Turns out, size does matter. So does how we count it.
Special persons day. Where big people sit in little chairs next to their young prodigy.
We were treated to a song and the Pledge Of Allegiance along with counting by 10's. We also got a worksheet and a bag of Skittles. Candies just about the size of a dime. We had to do counting, graphing, and evaluation. Such is the world of Pre-K.
The big push is to get kids engaged earlier. How they are being introduced to simple concepts affect core learning into the future.
While we worked I observed. The math involved counting and graphing by color. Skittles are considerably smaller than what is ergonomically normative. The work I have seen has large typefaces. The common belief is that handwriting easier if it is larger. This is true. It is ergonomically normative at that age because of developing motor skills. The larger assumption is that spatial skills track with motor skills. So children count and organize large items. By what scale do we measure spatial skills and are they mutually exclusive to motor skills?
The grandson organized the candies by vertical bar. No problem. It is when he began to count he could not count the small items visually. I observed the same from others as math concepts gave way to best way adaptation. They lacked the spatial skills to count the small objects.
Instead of this imperative is it possible to write big and think small?
Writing needs occupational development but spatial skills already exist that exceed this need. As the operators and functions of mathematics become more completed so do the concepts. Yet, from the very beginning of the learning process spatial comprehension takes a back seat at the simplest of levels. We have to foster occupational skills that nurture and foster spatial development to build a foundation for extensible thinking.
Nate Is Using His Big Words Again
Having a core competency is not Common Core.
One of these things involve a text book publisher making a profit. The other, involves being prepared, ongoing learning, and an open mind. So how do people confuse the two?
The common core spec can be found here. It was transposed into weights and measures and a profit center making it something else besides a way to prime peoples minds. A shame.
This profit center also masked the real message
What emerged from the Common Core was a second outcome. The idea that local competency can no longer be competitive to the global condition. This has been brought about by the velocity and the amount of information needed to solve problems and arrive at the best answer.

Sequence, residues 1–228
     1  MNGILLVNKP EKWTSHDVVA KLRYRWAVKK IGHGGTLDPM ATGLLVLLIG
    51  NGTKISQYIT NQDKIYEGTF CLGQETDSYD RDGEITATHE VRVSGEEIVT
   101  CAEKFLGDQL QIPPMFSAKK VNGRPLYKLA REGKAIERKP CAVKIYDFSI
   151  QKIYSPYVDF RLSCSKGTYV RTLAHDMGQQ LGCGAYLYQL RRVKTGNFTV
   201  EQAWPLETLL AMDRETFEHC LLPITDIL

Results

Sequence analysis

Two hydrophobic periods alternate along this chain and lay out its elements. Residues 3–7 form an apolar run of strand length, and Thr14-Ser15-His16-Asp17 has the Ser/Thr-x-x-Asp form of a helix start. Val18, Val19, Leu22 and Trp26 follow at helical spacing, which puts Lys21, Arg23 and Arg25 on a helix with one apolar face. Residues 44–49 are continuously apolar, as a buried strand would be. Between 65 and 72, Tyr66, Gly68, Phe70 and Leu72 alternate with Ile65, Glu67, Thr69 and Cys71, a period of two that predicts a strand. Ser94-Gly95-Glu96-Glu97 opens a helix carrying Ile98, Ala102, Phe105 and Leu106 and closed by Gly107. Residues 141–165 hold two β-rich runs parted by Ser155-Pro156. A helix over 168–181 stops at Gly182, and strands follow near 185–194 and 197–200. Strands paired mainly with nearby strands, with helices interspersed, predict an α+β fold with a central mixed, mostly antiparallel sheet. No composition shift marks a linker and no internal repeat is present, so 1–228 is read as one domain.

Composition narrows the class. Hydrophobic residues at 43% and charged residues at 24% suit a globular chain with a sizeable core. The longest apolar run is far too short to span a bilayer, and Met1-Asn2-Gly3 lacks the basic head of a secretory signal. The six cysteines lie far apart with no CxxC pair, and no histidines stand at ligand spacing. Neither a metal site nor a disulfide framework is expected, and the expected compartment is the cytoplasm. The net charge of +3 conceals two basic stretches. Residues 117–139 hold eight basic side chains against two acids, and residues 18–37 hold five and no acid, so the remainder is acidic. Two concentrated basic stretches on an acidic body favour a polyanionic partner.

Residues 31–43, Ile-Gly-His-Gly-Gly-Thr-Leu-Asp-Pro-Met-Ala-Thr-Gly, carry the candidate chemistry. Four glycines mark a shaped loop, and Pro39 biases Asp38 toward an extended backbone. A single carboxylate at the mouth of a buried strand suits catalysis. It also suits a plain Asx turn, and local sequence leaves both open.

So maybe having a core competency is being competitive to the velocity and amount of information that exists beyond your physical locale. The challenge is not the information itself. It is how we use it.
Is it how or what you say or the means by which you say it?
The book, brochure, and poster have been hallmarks for printed communication for over 500 years. They impart semiotic markers for how we live our lives. As people we have come to look for standard information in familiar places within these formats. While moveable type is portable the information formats or standard remained for the most part static.
Precedents were created to make document systems extensible within an established format. These imperative constants guide printed communication and have gone as far as shaping our spatial comprehension of how we apply information so that we may curate or preserve an extensible but static format. Quite simply you can not have the semantic without the semiotic foundation. Defining semiotic need allows semantics to create rich context within a native scope.
Web designers have long stressed that the web be semantic but without semiotic foundation. They claimed the rules were too cumbersome. The same rules that advanced civilization for the past 500 years. As programmers we are not only responsable for the disruptive we are also accountable for the constant and familiar.
Have we been doing our best with the constant and familiar?
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